FREDERICK, Md. (AP) — The knitting group at Country Meadows Retirement Community estimates that, altogether, they’ve been knitting for 500 years or so.

For an hour every Tuesday morning, they put those combined centuries of experience to good use.

The group is now partnered with Frederick Memorial Hospital’s Survivors Offering Support program, which connects newly diagnosed breast cancer patients with survivors, said Angie Hylton, director of community life at the center.

The women make shawls, hats, blankets and scarves, then send them to the hospital every three or four months. In the past, they have also supported Heartly House and Care Net.

“When I finish something … it makes me feel like my free time has accomplished something that can help somebody,” said Fran Davis, 91, who has been knitting since high school.

“We try to think of different things to do so we’re not just doing the same things all the time,” she said as she showed off some of her creations —  a shawl with a collar that ties and a hat with an extension to cover the necks of patients who have lost their hair.

When she first came to the center, Davis did not think she could knit anymore because she’d had pins put in both her index fingers. She is thankful that her older sister Winnie Marx, who already lived in the community and encouraged her to join the group.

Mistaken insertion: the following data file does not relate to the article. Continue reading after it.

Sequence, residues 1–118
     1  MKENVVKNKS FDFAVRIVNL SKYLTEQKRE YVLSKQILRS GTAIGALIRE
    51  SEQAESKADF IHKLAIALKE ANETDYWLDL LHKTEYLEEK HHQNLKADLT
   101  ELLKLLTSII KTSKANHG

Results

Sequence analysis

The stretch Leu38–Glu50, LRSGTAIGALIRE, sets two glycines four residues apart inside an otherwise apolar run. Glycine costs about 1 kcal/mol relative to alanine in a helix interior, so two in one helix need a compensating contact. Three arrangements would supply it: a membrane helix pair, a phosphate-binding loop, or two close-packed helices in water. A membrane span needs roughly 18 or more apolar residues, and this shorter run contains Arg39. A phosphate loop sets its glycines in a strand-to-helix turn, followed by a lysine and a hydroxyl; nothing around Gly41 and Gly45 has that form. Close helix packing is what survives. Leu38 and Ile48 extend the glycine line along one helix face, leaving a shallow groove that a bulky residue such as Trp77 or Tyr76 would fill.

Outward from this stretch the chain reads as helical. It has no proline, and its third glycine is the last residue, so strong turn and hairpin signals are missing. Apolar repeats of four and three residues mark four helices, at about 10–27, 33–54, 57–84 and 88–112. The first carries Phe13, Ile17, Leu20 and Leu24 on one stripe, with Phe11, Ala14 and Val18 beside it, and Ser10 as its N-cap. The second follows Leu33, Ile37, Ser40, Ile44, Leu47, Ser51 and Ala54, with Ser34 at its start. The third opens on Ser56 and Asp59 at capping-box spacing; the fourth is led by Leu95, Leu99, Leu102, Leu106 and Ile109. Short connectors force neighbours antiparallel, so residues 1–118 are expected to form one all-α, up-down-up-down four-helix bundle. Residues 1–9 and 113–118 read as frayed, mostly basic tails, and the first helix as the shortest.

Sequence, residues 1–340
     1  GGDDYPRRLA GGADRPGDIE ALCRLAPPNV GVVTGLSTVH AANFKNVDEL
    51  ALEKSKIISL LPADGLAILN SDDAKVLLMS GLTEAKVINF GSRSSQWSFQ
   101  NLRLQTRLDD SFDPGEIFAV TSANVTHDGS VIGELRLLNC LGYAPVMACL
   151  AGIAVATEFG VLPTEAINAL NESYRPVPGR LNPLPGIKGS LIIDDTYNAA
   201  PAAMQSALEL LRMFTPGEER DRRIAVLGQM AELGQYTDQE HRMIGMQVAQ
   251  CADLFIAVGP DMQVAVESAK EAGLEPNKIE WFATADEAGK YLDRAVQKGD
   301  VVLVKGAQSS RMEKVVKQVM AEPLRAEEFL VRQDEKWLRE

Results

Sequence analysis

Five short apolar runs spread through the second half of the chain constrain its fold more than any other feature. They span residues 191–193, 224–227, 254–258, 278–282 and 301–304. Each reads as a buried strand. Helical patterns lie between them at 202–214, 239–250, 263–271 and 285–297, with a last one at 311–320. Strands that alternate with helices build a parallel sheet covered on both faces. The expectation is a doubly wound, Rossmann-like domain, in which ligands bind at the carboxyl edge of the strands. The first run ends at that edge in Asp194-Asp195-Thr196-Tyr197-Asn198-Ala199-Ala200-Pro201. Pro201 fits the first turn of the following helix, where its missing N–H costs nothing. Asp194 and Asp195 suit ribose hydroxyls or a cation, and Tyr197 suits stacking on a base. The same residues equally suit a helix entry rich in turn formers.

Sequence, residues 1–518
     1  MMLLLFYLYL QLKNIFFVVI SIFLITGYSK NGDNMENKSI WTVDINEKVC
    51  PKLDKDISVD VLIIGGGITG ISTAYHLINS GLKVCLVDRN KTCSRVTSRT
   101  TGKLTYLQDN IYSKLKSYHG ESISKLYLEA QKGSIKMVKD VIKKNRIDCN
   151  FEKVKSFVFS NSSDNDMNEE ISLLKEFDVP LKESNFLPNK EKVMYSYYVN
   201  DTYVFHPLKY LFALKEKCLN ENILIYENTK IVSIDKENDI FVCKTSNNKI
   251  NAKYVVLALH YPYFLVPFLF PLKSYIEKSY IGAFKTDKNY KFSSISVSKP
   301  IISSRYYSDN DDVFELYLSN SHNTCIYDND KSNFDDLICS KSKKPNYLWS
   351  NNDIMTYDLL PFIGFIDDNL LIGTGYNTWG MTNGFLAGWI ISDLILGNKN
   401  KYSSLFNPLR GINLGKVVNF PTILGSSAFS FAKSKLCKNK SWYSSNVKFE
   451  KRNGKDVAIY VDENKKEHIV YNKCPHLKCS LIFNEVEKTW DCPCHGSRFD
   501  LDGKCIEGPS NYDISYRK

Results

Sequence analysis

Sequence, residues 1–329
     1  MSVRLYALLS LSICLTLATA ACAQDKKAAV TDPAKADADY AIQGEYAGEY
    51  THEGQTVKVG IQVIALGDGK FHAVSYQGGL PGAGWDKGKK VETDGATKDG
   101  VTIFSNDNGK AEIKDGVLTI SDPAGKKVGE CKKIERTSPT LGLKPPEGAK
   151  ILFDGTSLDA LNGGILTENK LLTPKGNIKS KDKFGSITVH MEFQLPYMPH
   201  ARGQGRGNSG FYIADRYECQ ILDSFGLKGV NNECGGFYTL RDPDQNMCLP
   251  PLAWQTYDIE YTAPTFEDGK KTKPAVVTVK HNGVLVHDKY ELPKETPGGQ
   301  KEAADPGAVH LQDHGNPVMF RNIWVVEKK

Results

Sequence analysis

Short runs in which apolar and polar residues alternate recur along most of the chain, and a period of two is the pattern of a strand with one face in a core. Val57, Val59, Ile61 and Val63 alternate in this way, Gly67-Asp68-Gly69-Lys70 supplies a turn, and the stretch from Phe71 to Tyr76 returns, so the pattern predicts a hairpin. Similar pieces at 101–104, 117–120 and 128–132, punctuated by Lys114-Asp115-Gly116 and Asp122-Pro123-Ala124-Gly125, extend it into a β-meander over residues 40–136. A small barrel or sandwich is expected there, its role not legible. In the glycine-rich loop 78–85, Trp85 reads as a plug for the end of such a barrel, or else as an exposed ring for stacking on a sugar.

“It’s a good cause, and it’s good for me because I’m a cancer survivor,” knitter Carol Rose said. “It makes you feel great because you know you’re doing a good deed.”

Anna Kowalewski, who is 93, said she stopped counting the pieces she made for charity after the number surpassed 200.

In addition to feeling good about contributing to the causes, “when you knit, it’s relaxing,” she said. “You don’t think about anything else.” And “I think it’s very good exercise for the fingers.”

“Busy hands are happy hands,” agreed Betty Spungen.

The only crocheter of the group, 86-year-old Elinor Jacob said her craft helps ensure that no yarn goes to waste.

“I use the scraps that they don’t use,” she said, pointing to a multicolored blanket.

Hylton buys the yarn, but the women usually help her maintain a modest budget by supplying her with coupons, she said.

“It’s truly amazing to see the results of our knitting time together,” Hylton said.

At the last drop-off, between 100 and 150 items were donated to FMH.

“The ladies can make anything, I think. I’m very confident in their ability,” Hylton said.

According to Amanda Changuris, an FMH spokeswoman, the group’s efforts are appreciated.

Chemotherapy patients often have to spend one or two hours at a time in an IV outpatient room receiving treatment.

“The hospital blankets are fine,” Changuris said. “They’re functional. But there’s a feeling you get from something handmade. … There’s something more comforting about something that’s handmade and made with love … our patients feel it.”

(Copyright 2012 by The Associated Press. All Rights Reserved.)


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